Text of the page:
Where are the single-slot cards? I know a lot of gamers won't want a single slot cooler due to the increased amount of noise they inevitably produce, but for those of us with different needs (i.e. GPGPU work, coin mining, folding), stacking a ton of cards into a densely-populated motherboard would be ideal.

March 19, 2014 | 05:23 PM - Posted by Ryan Shrout

Galaxy might be making what you are looking for:

March 19, 2014 | 06:20 PM - Posted by Anonymous (not verified)

I'm just wondering what happened with the 750 Ti contest. It's been nearly a week since it ended, will you guys reveal the winners soon?

March 26, 2014 | 08:05 PM - Posted by Anonymous (not verified)

The card linked still requires two slots as the cooler sits higher than one. I really don't see how this is a "slim" model. They should have spread the cooler out with a larger fan and made it use 1.5x slots; that would use two slots but have a gap for air.

I'm not even sure if cards that only use 1x slots would work for MULTIPLE cards well. You're likely better off using HALF the number of 2x slot cards.

March 19, 2014 | 04:09 PM - Posted by BattMarn (not verified)

put automatic captions on at the start of the video and this happened

March 19, 2014 | 05:16 PM - Posted by Jeremy Hellstrom

seems accurate for our videos

March 19, 2014 | 05:21 PM - Posted by Ryan Shrout

I secretly whisper that into the mic at the beginning of every video.  :)

March 19, 2014 | 05:18 PM - Posted by MahoganySoapbox

Thanks for the review, guys. I've been keeping my eye on these early Maxwell reviews. Perhaps a 750ti build for a non-1080p gaming rig, or a friend who may not need Ultra settings for every game. Hopefully when more Maxwell parts are released the miners won't scoop them all up.

March 20, 2014 | 03:40 AM - Posted by fkr

the above sight has good info for cryptocurrency news

The most important thing for me is that the new asics for litecoin mining are being delivered in July.

all this really means is that pretty soon GPU mining is going to die out soon.

I am happy to have sold off my CF'd 7870 tahiti LE and 7950 twin fzr for a profit. I am without any gaming ability for now but i will buy back in at a low point again soon.

as a reference to when buying was good I had picked up my tahiti le for $215 about 7 months ago and the 7950 for $205 a couple of months after and I sold them both for $550. I needed the cash and am happy for the first time in my life I made a profit off of used hardware but damn do I miss my gaming rig.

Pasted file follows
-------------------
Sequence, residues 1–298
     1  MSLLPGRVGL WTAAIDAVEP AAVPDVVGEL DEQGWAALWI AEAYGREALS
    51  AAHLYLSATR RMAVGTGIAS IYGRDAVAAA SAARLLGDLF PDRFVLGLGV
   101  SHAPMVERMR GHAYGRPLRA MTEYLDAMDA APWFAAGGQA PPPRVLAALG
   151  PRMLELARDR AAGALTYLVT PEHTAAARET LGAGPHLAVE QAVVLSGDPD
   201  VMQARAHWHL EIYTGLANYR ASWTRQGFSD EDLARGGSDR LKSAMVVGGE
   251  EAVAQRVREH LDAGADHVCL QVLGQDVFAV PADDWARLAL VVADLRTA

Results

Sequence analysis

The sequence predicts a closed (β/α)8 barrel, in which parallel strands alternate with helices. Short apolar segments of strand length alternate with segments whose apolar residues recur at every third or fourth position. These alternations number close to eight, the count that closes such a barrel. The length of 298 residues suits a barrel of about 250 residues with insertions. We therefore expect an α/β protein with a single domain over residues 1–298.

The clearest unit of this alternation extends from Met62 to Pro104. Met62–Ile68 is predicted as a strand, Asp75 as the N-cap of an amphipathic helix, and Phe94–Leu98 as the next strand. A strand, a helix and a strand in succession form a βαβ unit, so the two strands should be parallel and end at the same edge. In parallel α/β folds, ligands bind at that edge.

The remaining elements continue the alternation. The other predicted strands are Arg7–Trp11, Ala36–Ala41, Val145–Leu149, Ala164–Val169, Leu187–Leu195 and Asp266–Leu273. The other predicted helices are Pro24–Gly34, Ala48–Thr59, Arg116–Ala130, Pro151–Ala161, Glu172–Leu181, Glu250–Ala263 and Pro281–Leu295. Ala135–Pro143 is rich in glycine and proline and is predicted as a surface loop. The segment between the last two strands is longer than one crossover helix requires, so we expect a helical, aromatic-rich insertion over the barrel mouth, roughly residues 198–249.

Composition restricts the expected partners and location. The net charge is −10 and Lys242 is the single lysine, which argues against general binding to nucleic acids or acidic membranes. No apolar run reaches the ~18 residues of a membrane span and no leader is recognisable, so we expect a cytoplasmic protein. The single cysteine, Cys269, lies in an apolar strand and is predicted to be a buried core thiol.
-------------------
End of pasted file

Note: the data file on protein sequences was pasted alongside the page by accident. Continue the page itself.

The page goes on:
March 20, 2014 | 11:05 AM - Posted by Anonymous (not verified)

Can't wait till the EVGA FTW model drops below$150. Maybe a 4th of July sale?

April 1, 2014 | 03:22 PM - Posted by drvudoo

Thinking of updating my beater system. How much of a performance gain is it compared to a 7770 Ghz edition @ 1200p? Just playing Hawken, and Titan Fall.

April 2, 2014 | 06:13 AM - Posted by AL CORONA (not verified)

I've been listening to your podcast. You folks at PC Perspective know about hardware. Recently started buying hardware for a new Gaming PC build and so far I've got these hardware parts:

Haswell Core i5 4570 processor
Asus VS278Q-P Monitor

So its a bit frustrating right now for me choosing a graphics card because as you might know, the vast selection in specs and budget concerns along with future proofing is confusing. Can the fine folks at PC Perspective recommend a well suited card ?

I do plan on playing TitanFall and later this year maybe upgrade the processor.



August 23, 2014 | 07:19 PM - Posted by Anonymous (not verified)

How can you see no advantage to the 6 pin pcie when the EVGA had a flatline stable overclock which technically put it ahead of the pny overall?

"Even though all three cards can overclock well above their stock speeds, and that equates to quite a bit over the reference speeds, clearly the EVGA card gives us the best result, followed closely by the PNY."

December 22, 2015 | 11:03 PM - Posted by Anonymous (not verified)

Actually, the PNY outdoes all other cards, because whilst it is not shown in this video (yes I own one), the PNY overclocks to 1372 mhz core clock automatically, and the memory overclocks to 3005 mhz. No bias, just facts.